Re: [http-state] Security considerations overview

Achim Hoffmann <ah@securenet.de> Wed, 03 March 2010 01:09 UTC

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Date: Wed, 03 Mar 2010 02:09:53 +0100
From: Achim Hoffmann <ah@securenet.de>
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Subject: Re: [http-state] Security considerations overview
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After reading all the comments about "cookie protocol is secure or not
with https", I'd through in following:

   the (current) cookie protocol has no integrity and no confidentiality
   this is inherit of the used transport layer protection (such as TLS)

I.g. we can totally omit the transport layer as the cookie is subject to
the same threats there as all other HTTP data too.

But what's different for cookies compared to most other HTTP headers?
The cookie is accessable in the client. That's where it can be modified.
The most common vulnerability and attack is XSS. XSS is independent of
client implemetation and may be impossible to detect there.
In the client the cookie is unencrypted, wether it was transported with
https or not. That's what Adam describes.
Conclusion: https is not a protection for the integrity of the cookie.
Proper encrypted cookie vallues would solve the issue.
Sending cookies received with htpps ober http lines is just another,
additional, posibility.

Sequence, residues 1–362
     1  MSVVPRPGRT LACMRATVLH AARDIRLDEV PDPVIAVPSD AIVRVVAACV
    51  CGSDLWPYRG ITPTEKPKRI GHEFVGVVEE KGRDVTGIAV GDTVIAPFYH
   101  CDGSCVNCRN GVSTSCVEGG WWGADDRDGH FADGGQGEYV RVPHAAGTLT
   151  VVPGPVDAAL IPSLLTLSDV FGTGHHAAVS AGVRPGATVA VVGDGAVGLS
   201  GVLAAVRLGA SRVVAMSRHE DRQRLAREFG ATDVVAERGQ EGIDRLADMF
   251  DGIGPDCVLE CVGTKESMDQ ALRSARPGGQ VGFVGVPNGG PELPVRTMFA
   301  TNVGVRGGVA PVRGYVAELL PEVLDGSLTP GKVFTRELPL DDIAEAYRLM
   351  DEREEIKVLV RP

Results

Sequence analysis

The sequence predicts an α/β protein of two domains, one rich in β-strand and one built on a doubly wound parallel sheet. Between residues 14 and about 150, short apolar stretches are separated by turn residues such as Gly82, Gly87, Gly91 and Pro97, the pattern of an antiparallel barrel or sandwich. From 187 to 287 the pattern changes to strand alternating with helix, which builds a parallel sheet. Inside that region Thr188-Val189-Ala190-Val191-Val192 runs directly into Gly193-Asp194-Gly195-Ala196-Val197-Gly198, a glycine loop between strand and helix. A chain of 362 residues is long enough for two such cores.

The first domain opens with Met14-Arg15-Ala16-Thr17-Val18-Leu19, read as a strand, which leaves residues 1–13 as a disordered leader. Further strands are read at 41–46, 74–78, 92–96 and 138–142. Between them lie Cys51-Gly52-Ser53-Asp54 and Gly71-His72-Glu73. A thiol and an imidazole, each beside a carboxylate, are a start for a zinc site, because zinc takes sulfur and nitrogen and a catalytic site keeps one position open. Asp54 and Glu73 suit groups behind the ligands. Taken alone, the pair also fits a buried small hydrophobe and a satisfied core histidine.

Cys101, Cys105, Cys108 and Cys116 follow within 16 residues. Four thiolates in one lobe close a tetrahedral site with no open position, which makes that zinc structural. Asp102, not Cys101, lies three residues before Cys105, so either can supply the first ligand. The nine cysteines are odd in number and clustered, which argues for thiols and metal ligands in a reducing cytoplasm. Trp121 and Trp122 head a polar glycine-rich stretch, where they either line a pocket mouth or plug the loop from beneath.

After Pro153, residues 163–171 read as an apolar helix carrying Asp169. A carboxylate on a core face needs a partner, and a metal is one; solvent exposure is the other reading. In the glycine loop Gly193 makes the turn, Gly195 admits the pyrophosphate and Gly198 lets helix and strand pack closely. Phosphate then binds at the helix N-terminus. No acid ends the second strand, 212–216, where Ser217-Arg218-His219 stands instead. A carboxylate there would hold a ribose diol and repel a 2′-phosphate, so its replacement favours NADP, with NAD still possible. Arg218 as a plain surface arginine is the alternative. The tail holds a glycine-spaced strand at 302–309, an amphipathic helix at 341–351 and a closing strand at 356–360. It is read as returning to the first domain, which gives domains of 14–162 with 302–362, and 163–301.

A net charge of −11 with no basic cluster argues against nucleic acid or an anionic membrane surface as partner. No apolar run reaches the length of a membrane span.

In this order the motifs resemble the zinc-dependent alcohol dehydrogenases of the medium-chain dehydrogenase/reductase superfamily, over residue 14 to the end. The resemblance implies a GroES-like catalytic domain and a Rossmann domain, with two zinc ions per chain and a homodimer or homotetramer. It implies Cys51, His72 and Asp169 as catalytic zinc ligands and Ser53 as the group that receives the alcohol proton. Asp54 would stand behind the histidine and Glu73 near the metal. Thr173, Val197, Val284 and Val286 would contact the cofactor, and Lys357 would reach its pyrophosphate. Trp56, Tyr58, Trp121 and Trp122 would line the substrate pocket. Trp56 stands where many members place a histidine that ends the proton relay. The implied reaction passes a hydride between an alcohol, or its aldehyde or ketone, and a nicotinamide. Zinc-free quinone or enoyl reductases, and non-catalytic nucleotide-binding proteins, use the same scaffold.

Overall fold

Look at the WWW-Authentication header which does not suffer from these
problems.

Does this explain the problem and the necesssity of a specific security
comment for cookies?

Achim


Adam Barth schrieb:
> Rather than have a blanked "cookies are bad" statement at the
> beginning of the security considerations section, Tyler suggested that
> we overview the main security issues with cookie (of course, providing
> details later in the section).  Here's a first draft of an overview
> section.
> 
>       <section anchor="section-overview" title="Overview">
>         <t>The cookie protocol has a number of security and privacy
>         pitfalls.</t>
> 
>         <t>In particular, cookies encourage developers to rely on ambient
>         authority for authentication, often creating vulnerabilities such as
>         cross-site request forgery.  When storing session identifiers in
>         cookies, developers often create session fixation
>         vulnerabilities.</t>
> 
>         <t>Transport-layer encryption, such as HTTPS, is insufficient to
>         prevent a network attacker from altering a victim's cookies because
>         the cookie protocol does not provide integrity.  By default, cookies
>         are transmitted in the clear, where their confidentiality can be
>         compromised by a network attacker.</t>
>       </section>
> 
> Adam